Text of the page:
Yeah, we're a little behind in our reading.
Much has been written about a perceived death knell of daily newspapers. The Rocky Mountain News recently shut down. The Christian Science Monitor will cease its daily edition in favor of web publishing. The Detroit Free Press will now deliver to homes only three days per week. The San Francisco Chronicle's corporate bosses recently threatened closure if it didn't receive union givebacks.
On a personal level, I've certainly gotten fewer assignments from newspapers recently. This was the first year in a decade where I wasn't asked to cover any basketball playoff games, for example. (I did, however, get a freelance assignment for the Pacifica Tribune a couple weeks ago.) God knows that another full-time staff position with a newspaper is probably out of the question in these economic times, despite a journalism degree and good experience.
But there is at least a glimmer of hope for one local paper. The San Mateo County Times (professional ethics require that I disclose here that I get -- or at least USED to get -- a lot of freelance work from said publication) has picked up subscribers. Or at least one.
A young man came to the door recently selling the paper "to earn money for a trip." Apparently he had a good sales pitch, as Claire bought an annual subscription -- and for twenty bucks for a year, why not? The only problem with getting a daily newspaper subscription? It comes every day.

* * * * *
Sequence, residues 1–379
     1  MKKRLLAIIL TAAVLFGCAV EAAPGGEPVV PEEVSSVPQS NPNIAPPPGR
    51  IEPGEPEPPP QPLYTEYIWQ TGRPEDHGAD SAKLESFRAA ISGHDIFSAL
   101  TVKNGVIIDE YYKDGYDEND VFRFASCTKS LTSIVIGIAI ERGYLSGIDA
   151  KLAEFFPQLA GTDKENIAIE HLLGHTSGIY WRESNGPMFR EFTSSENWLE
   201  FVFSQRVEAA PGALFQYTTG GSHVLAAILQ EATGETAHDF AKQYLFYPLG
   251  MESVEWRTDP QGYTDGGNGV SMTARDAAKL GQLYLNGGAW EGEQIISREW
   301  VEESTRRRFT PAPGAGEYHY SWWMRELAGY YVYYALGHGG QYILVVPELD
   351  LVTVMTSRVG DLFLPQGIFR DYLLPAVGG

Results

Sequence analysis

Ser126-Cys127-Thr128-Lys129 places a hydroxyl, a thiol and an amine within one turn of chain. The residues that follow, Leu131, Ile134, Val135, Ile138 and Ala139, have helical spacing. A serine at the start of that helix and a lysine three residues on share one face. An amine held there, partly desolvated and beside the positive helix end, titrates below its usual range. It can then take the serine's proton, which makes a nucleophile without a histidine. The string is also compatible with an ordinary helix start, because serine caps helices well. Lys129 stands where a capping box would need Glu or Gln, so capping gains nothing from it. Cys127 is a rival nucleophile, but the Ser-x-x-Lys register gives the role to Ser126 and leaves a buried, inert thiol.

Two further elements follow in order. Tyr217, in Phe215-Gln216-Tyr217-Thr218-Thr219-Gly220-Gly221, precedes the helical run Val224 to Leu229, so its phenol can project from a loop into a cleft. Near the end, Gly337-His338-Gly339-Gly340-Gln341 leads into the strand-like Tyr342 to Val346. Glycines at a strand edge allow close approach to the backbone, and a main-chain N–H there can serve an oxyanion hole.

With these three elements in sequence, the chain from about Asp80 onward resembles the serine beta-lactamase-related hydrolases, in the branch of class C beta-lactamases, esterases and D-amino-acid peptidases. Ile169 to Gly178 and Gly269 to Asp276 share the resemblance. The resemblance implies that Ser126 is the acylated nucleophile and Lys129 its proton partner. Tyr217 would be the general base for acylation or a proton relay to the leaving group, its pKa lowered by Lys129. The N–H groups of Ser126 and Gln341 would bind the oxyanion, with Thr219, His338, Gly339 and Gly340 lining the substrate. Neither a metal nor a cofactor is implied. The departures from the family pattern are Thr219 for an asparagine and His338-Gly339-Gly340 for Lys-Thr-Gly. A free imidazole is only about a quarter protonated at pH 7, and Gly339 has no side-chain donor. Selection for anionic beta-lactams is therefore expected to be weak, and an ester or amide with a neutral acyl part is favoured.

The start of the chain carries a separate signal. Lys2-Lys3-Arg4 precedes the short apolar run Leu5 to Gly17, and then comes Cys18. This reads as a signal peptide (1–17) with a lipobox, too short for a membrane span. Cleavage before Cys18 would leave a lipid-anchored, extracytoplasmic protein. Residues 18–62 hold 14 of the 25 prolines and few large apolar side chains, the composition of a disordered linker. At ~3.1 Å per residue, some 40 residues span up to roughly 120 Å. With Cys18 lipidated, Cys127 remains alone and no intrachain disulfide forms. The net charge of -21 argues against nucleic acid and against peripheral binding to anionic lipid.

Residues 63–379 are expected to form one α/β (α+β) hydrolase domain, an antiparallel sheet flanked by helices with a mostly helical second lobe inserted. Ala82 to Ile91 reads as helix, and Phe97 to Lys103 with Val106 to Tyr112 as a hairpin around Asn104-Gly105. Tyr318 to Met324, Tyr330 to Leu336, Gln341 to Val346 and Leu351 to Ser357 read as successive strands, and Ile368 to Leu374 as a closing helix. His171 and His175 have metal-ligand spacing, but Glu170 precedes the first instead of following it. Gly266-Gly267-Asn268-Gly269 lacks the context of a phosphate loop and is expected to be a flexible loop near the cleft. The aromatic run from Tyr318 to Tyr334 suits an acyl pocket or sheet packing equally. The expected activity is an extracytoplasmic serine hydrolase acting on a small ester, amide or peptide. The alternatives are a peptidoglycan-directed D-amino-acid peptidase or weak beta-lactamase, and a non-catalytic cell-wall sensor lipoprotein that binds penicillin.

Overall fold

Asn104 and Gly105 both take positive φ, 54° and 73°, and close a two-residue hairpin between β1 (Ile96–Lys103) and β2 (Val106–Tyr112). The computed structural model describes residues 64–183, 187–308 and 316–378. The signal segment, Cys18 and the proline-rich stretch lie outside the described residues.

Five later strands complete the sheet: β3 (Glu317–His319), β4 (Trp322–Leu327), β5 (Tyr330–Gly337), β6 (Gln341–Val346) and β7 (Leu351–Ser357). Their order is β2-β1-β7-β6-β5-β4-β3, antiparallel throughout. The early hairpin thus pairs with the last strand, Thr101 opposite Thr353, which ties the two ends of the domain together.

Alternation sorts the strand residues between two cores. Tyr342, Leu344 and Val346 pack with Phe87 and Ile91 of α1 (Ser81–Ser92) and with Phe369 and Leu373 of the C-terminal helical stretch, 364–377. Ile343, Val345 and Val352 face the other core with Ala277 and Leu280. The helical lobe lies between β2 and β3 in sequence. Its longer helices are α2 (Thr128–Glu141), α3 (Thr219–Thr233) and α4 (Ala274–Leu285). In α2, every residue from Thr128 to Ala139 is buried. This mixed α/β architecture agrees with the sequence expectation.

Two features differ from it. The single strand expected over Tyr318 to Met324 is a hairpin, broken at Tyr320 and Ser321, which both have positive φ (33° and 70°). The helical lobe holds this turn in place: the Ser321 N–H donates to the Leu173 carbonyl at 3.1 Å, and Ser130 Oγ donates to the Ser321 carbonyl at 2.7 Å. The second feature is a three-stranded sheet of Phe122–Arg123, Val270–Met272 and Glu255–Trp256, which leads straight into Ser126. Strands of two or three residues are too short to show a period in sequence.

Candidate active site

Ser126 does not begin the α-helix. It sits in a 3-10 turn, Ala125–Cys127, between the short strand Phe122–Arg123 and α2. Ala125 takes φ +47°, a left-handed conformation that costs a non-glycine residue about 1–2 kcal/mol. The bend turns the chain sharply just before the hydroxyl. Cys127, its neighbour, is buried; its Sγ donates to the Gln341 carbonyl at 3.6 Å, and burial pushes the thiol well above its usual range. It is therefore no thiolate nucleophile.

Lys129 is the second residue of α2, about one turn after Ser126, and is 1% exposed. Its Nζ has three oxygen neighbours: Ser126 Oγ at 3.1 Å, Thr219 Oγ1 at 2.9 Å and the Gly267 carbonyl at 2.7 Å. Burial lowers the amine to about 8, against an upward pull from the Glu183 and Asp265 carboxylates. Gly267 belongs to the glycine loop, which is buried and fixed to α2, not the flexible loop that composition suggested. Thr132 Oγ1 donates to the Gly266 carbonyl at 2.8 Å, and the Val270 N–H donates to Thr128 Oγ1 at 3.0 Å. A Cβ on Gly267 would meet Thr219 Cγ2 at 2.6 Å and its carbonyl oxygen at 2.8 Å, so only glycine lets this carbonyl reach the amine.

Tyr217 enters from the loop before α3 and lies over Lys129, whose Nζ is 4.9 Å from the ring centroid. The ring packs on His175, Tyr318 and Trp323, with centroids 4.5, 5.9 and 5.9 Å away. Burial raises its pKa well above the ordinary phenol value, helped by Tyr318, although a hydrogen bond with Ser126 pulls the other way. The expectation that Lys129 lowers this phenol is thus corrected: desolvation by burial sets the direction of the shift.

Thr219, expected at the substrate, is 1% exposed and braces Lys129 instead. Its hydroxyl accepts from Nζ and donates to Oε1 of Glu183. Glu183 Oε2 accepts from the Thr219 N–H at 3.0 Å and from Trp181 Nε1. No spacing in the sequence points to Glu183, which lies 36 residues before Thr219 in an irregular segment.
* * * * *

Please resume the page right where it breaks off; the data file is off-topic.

For the same reason that newspapers have seen their subscription rates plummet, many of those papers lay unopened, unfolded on our living room floor (above). Both Claire and I get the majority of our news online, so rarely is there a need to open a physical newspaper anymore. In fact, I am a daily reader of the San Mateo County Times' own website. I feel bad for admitting this waste of dead trees, but we rarely open our subscription unless there's a story I've written (two-three times in the month we've gotten the paper), to have something to read on my morning commute or to pilfer coupons.
I find our situation ironic, because I believe the only survivors of the foreseen-by-some newspaper collapse may be smaller local dailies. Local businesses will always seek places to advertise, and no doubt truly local, suburban news will need an outlet when it is ignored by the big-city media (whatever form it may survive in). I want to know why my library's hours are being reduced, where that fire truck was going last night and whether educational programs at my local school are being cut just as much as I want to know about the war in Afghanistan. So, probably, would most residents.
Economically, I don't think I would inclined to pay $20 for an annual subscription to a local paper online. But give me the actual, physical product that I might read now and then for the same price? Sure. Conversely, I might be willing to pay $20 for an annual subscription to SFGate.com, the SF Chronicle's online hub, but wouldn't buy a paper subscription. If you asked me why, it'd be hard to put it into words.
I guess it would come down to whether I'd feel guiltier having stacks of the San Francisco Chronicle or the San Mateo Times being recycled.